As explained in Holger Dammetz page Hammersley Points on the Hemisphere, the 2D coordinates (u,v) are usually mapped to the spherical coordinates (θ, φ). enter image description here
As a result, the coordinate "uniformly distributed" - u in the 2D case - is the polar angle θ. This looks counter-intuitive to me, I would have mapped regularly spaced u values to regularly spaced azimuth φ values. To avoid "empty areas" like in this example:
enter image description here
which is generated by the mapping of the following 2D set:
enter image description here
What is the reason not to map (u, v) to (φ, θ) ?


2 Answers 2


You can of course, as you suggested, map (u, v) to (φ, θ). Unfortunately, it does not solve the problem for 5 points:

Switched mapping

I've changed Holger Dammertz' code a bit (switched u and v), and you see that the problem still persists. For a higher number of points, it really doesn't seem to make a (visual) difference.

The Hammersley point set is a way to very quickly determine points on a sphere that have good, but don't need to have a perfect distribution. In the problematic case of very few points, Hammersley might just not be the tool for the job. Pre-calculating and storing points sounds like a better option to me.


The "Uniform Mapping" here is incorrect. It does not transform to a uniform distribution on the sphere.

Very very bad me. I misread the equation AND I didn't even consult my own reference [1], if I had I would have seen my mistake.

Still the method from [2] is interesting and is described below.

Additional note:

To map a uniform point set from the unit square to the sphere or half sphere requires an area-preserving map. That will maintain the uniform property. For pseudo-random that's sufficient (points are independent), however low-discrepancy point set will have its discrepancy measure effected by distortions in area introduced by the map. I'm not aware of any references with respect to this point.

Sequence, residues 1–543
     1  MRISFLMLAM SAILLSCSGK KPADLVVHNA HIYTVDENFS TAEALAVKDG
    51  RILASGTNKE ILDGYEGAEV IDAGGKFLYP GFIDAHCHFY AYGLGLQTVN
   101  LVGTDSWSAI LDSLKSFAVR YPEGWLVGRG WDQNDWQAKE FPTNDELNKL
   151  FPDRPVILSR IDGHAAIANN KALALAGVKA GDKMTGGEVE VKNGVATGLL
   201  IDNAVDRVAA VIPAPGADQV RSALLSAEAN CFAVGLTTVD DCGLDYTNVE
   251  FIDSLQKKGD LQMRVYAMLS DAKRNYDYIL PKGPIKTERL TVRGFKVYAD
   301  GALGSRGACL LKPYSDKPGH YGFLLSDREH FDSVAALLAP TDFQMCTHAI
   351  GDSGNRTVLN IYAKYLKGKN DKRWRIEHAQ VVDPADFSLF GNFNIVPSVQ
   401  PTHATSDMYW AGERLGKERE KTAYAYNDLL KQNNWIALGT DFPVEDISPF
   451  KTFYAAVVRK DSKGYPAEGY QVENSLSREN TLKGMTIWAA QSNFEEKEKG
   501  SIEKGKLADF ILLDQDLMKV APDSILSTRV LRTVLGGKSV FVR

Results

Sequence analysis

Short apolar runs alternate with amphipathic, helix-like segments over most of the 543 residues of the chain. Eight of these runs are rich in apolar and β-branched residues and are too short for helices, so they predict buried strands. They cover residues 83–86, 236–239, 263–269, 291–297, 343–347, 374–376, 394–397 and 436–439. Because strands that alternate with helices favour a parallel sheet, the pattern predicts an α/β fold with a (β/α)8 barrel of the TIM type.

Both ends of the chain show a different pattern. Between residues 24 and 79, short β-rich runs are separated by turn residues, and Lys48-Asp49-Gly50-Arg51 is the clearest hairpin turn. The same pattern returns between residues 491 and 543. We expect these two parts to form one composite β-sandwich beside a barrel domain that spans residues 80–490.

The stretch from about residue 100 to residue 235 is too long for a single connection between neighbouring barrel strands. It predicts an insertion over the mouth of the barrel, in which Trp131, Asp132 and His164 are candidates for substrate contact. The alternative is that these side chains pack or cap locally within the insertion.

The method from [2] starts by mapping unit square to the unit disk. One way we can do this is by using a rejection method. Pseudo-code looks like this:

d = 0;

do {
  p = uniform2d(...);  // [0,1) x [0,1)   given to be uniform
  p = 2p;              // [0,2) x [0,2)   scaling (area-preserving)
  p = p-1;             // (-1,1) x (-1,1) translating (area-preserving)
  d = dot(p,p);        // is p in disk?
} while(d >= 1);       //   if not rinse-and-repeat

the area of the transformed square is $4$ and the unit disk is $\pi$, so the acceptance rate is $\frac{\pi }{4}$ (~.785) so on average requires $\frac{4}{\pi}$ (~1.273) iterations.

Also non-rejection based methods exist, for example [3] which requires one square root and one trig operation. Note that the rejection method does not distort areas so the discrepancy measure remains the same.

Once we have $ p = \left(u_0, u_1 \right) $ uniformly distributed in the unit disk, we have:

$$ u_0, u_1 \in \left(-1,1\right) $$ $$ d = p\cdot p = u_0^2+u_1^2,\; d < 1 $$

then the transform to the sphere is:

$$ s=2\sqrt{1-d} $$ $$ p = \left\{s\thinspace u_0,\thinspace s\thinspace u_1, 1-2d\right\} $$

or if you wanted a half-sphere, say positive Z, (just to state the obvious):

$$p = \left\{s\thinspace u_0,\thinspace s\thinspace u_1, d\right\} $$

There is a Stackexchange: Mathematics thread that discusses this method ([4],[5]).

Also if you want to procedurally generate a LDS the additive recurrence formulation of the Weyl sequence is very cheap.


  1. Wolfram MathWorld: Sphere Point Picking
  2. "Choosing a Point from the Surface of a Sphere.", George Marsaglia, 1972. (PDF)
  3. Wolfram MathWorld: Disk Point Picking
  4. SE Mathematics
  5. SE Mathematics
  • $\begingroup$ Doh: actually I'm wrong about the method not being uniform...working on a rewrite. $\endgroup$ Commented Mar 9, 2016 at 10:57
  • $\begingroup$ OK, I put up a first revision. $\endgroup$ Commented Mar 9, 2016 at 12:17
  • $\begingroup$ Added the area-distortion note $\endgroup$ Commented Mar 10, 2016 at 9:13

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